"Don’t be afraid to let people know your goals and aspirations. I LOVE my job! Technology is constantly changing, and this makes the job challenging and exciting. A career in STEM allows you a career of learning and this ensures that you won’t be bored with your job. It is ok (even fun) to be the trailblazer and make the path easier for the next generation of women!"

– SPIE Senior Member Debbie Gustafson
CEO of Energetiq Technology in the US
See her full profile

Keri Hoadley

"Identify role models in your field – others that you can identify with on a personal level, and especially those who encourage women and minorities to take on leadership roles in STEM.

STEM absolutely needs you and your talents - you are a creative, curious thinker who will bring endless possibilities, new discoveries, and revolutionary ideas to your field of study. I cannot wait to learn all about them!"

– SPIE Early Career Member Keri Hoadley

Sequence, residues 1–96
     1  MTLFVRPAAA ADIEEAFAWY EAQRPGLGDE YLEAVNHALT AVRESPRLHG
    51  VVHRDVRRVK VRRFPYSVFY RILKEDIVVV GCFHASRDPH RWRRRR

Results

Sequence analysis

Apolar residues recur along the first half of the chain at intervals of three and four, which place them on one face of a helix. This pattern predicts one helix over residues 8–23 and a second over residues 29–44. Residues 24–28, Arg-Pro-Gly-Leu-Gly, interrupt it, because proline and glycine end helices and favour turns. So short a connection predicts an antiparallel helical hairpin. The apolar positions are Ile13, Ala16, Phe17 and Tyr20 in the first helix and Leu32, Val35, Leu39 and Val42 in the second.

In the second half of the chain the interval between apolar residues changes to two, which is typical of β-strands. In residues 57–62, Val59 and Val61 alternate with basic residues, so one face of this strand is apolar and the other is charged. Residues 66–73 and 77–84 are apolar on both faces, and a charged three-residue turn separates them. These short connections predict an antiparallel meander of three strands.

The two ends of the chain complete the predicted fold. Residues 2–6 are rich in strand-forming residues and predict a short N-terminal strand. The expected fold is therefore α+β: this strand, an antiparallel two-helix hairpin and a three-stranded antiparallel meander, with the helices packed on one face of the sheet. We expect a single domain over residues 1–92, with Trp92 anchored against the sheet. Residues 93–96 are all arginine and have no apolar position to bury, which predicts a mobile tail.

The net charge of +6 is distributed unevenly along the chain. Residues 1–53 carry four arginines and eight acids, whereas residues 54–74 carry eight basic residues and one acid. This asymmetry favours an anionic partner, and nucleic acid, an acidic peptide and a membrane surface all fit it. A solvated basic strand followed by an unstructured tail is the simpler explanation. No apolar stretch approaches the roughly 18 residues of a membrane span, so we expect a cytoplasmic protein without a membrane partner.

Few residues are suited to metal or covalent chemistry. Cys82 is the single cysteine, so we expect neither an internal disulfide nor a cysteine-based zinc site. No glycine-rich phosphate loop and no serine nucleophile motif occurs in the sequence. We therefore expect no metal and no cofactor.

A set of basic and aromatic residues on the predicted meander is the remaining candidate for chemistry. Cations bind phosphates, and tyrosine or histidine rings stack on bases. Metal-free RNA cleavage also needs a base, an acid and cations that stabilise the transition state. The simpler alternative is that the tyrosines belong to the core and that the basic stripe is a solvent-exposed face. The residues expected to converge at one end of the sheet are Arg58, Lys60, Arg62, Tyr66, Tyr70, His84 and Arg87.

David and Ellen Lee Postdoctoral Fellow in Experimental Physics at California Institute of Technology in the US
See her full profile

Preeti Jagadev

"I want girls to know that the only permanent thing in life is your identity, so please work towards building that. Follow your dreams, and don’t rest until you achieve them. Do not get scared of challenges; remember the diamond is a piece of coal that could handle stress exceptionally well."

– SPIE Student Member Preeti Jagadev
PhD Student in Electronics and Communication Engineering at the National Institute of Technology Goa in India
See her full profile

Karina Jiménez García

"Work hard, but also take care of your well-being. By this I mean: work hard, study a lot, eat well, exercise, sleep well, have some free time, be efficient! Great, innovative ideas come suddenly when one is relaxed doing what one enjoys (pre-requisite: be prepared, study a lot). This advice applies to any person looking for a career in STEM, since in the context of science, men and women are equally capable."

Karina Jiménez García
Leader of the Laboratory for Quantum Technology at CINVESTAV Querétaro in México
See her full profile

Jiawen Li

"Looking back, I wish that I had been advised on how to face my fears and grow with them. The more opportunities I get, the more uncertainties and fears I encounter. I used to think that successful people never experience fear and they were born brave. Yet the truth is they face fears, acknowledge fears, grow with fears, and keep pushing through."

Jiawen Li
National Heart Foundation Research Fellow at The University of Adelaide in Australia
See her full profile

Yu-Jung Lu